How an experimental 3D-printed artwork could help save modern art
Many contemporary artworks are endangered due to their extremely fast degradation processes. NANORESTART—a project developing nanomaterials to protect and restore this cultural heritage—has created a 3-D printed artwork with a view to testing restoration methods.
The 3-D printed sculpture was designed by engineer—artist Tom Lomax—a UK-based sculptor and painter specialised in 3-D-printed colour sculpture. Drawing inspiration from the aesthetic of early 20th century artworks, the sculpture was made using state-of-the-art 3-D printing processes and can be downloaded for free.
'As an artist I previously had little idea of the conservation threat facing contemporary art – preferring to leave these issues for conservators and focus on the creative process. But while working on this project with UCL I began to realise that artists themselves have a crucial role to play,' Lomax explains.
The structure has been printed using the most common rapid prototyping (RP) technologies, which are gaining popularity among designers and artists. It will be a key tool for the project team to test how these structures degrade and come up with solutions to better preserve them.
As Caroline Coon, researcher at the UCL Institute for Sustainable Heritage, notes, 'Art is being transformed by fast-changing new technologies and it is therefore vital to preempt conservation issues, rather than react to them, if we are to preserve our best contemporary works for future generations. This research project will benefit both artists and academics alike – but ultimately it is in the best interests of the public that art and science combine to preserve works.'
The NANORESTART team subjected the artwork to accelerated testing, discovering that many 3-D-printing technologies use materials that degrade particularly rapidly. It is particularly true for polymers, whose only-recently achieved cultural heritage status also means that conservation experience is almost inexistent.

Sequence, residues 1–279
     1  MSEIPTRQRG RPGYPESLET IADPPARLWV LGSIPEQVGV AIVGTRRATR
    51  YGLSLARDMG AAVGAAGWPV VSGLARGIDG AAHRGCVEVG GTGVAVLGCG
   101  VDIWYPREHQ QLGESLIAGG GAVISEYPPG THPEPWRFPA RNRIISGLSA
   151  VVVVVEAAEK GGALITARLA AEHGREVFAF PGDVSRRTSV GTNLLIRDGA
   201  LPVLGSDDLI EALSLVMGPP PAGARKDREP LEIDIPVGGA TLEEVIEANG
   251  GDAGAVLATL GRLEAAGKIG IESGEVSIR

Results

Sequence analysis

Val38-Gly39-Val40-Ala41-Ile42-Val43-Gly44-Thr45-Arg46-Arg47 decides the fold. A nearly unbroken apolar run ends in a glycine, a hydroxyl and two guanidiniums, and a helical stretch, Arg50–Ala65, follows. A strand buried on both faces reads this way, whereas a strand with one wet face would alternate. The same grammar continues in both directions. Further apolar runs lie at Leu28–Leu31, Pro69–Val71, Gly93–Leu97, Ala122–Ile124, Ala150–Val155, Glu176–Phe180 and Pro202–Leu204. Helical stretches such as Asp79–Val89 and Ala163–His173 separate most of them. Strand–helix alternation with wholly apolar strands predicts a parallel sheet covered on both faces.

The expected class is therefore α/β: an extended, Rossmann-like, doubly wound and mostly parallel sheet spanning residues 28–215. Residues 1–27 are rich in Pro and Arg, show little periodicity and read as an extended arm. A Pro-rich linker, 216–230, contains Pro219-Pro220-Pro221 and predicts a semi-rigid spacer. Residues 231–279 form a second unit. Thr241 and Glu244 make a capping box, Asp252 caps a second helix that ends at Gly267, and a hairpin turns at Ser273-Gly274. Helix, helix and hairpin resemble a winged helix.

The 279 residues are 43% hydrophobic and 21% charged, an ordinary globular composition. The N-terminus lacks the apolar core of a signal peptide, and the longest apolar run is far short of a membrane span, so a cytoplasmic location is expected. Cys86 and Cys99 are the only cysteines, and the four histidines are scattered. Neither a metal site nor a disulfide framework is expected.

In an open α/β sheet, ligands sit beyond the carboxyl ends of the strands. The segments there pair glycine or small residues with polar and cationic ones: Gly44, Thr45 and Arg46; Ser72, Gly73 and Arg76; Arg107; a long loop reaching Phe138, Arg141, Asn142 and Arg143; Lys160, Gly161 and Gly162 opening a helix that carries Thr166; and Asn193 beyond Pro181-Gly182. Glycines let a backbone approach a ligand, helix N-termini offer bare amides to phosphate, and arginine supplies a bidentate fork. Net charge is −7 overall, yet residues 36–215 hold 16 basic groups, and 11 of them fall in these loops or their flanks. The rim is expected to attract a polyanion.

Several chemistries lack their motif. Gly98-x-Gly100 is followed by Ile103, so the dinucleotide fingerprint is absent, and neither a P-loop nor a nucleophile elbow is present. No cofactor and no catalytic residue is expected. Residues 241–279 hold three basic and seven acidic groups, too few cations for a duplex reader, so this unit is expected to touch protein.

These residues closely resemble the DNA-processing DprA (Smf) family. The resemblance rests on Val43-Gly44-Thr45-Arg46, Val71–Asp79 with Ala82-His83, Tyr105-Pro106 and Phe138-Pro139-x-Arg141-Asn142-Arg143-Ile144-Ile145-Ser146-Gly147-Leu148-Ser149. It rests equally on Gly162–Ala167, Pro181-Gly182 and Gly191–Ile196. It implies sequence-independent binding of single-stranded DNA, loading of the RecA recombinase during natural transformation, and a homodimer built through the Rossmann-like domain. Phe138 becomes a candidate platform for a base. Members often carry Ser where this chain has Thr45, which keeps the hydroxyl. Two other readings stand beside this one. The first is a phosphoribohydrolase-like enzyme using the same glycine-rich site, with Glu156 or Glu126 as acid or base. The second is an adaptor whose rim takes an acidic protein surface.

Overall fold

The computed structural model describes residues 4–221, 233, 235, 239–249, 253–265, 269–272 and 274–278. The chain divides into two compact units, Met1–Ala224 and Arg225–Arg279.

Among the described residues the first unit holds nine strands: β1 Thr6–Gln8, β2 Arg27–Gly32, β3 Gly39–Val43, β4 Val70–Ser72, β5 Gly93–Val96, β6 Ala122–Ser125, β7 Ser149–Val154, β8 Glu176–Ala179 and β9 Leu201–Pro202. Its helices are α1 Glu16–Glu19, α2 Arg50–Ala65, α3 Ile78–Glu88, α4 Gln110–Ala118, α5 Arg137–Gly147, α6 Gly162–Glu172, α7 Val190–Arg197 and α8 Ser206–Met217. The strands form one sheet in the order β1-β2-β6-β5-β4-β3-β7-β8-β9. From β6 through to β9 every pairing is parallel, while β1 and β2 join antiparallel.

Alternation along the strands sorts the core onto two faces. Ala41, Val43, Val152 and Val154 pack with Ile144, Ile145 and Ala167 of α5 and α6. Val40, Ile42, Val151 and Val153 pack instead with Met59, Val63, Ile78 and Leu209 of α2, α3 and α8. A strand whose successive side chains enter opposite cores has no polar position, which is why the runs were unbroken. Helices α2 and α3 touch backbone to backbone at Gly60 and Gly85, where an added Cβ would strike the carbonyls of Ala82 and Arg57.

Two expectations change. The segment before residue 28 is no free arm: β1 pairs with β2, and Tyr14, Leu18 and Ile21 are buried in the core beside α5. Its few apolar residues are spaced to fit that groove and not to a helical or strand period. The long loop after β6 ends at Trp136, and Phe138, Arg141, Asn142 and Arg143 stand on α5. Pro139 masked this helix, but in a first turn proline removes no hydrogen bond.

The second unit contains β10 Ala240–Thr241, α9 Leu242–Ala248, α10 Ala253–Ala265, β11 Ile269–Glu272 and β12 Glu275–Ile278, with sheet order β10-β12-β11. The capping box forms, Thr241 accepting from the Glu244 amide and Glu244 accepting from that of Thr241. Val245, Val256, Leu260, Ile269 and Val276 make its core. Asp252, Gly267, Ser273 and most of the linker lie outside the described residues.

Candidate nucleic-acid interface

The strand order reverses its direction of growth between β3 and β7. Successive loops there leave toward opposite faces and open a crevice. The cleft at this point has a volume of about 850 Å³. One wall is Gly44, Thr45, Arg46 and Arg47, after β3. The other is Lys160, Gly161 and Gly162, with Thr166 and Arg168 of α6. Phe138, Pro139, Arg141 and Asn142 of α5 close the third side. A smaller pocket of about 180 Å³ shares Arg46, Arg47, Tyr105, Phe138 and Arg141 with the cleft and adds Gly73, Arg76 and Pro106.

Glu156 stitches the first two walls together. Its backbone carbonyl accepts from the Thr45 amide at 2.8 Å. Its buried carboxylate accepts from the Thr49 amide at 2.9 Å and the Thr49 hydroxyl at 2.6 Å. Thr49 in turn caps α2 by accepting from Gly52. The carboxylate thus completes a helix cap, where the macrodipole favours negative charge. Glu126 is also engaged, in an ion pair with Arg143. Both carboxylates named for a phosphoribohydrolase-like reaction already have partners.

Preserving or not: an intricate question for artists
The experiments were part of a UCL paper entitled 'Preserving Rapid Prototypes: A Review', published in late November in Heritage Science. In this review, Caroline Coon and her team have critically assessed the most commonly used technologies used to tackle the degradation of materials, noting that 'to conserve RP artworks it is necessary to have an understanding of the process of creation, the different technologies involved, the materials used as well as their chemical and mechanical properties.'
Besides technical concerns, the paper also voices those of artists, in particular the importance of the original artefact and the debate around the appropriateness of preventing the degradation process of artworks. Whilst digital conservation of these artworks would prevent degradation and allow designs to be printed on-demand, some artists argue that the original artefact is actually the one with artistic value as it references a specific time and place. On the other hand, some artists actually embrace and accept the natural degradation of their art as part of its charm.
With two more years to go before its completion, NANORESTART will undoubtedly bring valuable results, resources and reflexions to both conservators and artists. The nanomaterials it aims to develop will bring the EU at the forefront of a conservation market estimated at some EUR 5 billion per year.